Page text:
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Membrane based lipids are of three major kinds, the phospholipids, the glycolipids, and the sterols such as cholesterol. A structure known as a lipid bilayer is rapidly formed by the chemical association of both phospholipids and glycolipids when they are in a fluid medium - this bilayer is the basis for the cell membrane. Once formed, the plasma membranes of cells act like two dimensional, semi fluid structures, which permit the embedded protein molecules in the membrane to constantly move freely in the lipid bilayer by lateral diffusion - therefore, cell membranes are dynamic and not fixed forms. In the simpler membranes of prokaryotic cells - bacteria - the cell membranes fluidity or dynamism is regulated by the varying of the number of double bonds as well as the fatty acid chains forming the lipid molecules of the membrane. Membrane fluidity and dynamism is a function of the quantity of the sterol lipid cholesterol in the cells of higher animals.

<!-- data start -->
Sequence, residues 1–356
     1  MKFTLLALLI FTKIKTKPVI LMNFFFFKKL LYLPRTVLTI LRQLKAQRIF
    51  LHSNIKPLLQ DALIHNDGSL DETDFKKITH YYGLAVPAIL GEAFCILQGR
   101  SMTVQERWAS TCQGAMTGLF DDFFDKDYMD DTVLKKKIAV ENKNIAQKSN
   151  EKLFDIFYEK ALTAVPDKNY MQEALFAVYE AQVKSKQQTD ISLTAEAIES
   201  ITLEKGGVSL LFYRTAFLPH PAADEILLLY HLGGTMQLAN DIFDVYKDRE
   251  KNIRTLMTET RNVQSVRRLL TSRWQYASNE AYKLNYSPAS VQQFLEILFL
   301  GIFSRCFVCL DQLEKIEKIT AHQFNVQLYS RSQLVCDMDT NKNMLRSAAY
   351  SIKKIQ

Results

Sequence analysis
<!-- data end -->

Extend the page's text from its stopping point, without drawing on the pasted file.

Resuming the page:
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One very important aspect of the plasma membrane is its role as a selective filter that is responsible for controlling the entry of nutrients and other molecules into the cell - the membrane is the barrier to and regulator of the kind of molecules and compound that will enters the cell from the external environment. It may allow the entry of molecules useful to cellular processes and stop the entry of other substances which are dangerous or not required by the cell. The membrane is thus a conduit or a gate for all substances needed by the cell; it also expels the waste products of chemical metabolism and passes it out into the external environment for disposal. The chemical nature and the composition of membranes make them unique barriers, for example, membranes have a low permeability for ions and most polar molecules, these molecules are only allowed to pass through protein channels formed by integral membrane proteins - a special type of membrane protein - this allows them to be regulated. Most substances are taken into the cell by a process of diffusion, where substances move into the cell from an area outside the cell where they are found in high volumes to the area inside the cell where they are in low volume - example, a scent diffuses about a room from one fixed point where it is sprayed, this is how most materials are taken in by the cell. If any substance is transported against the concentration gradient from an area of lower concentration outside the cell to an area of higher concentration inside the cell where its volume is already high, then some energy must be expended in a process called active transport - another way in which all cells take in substances they need.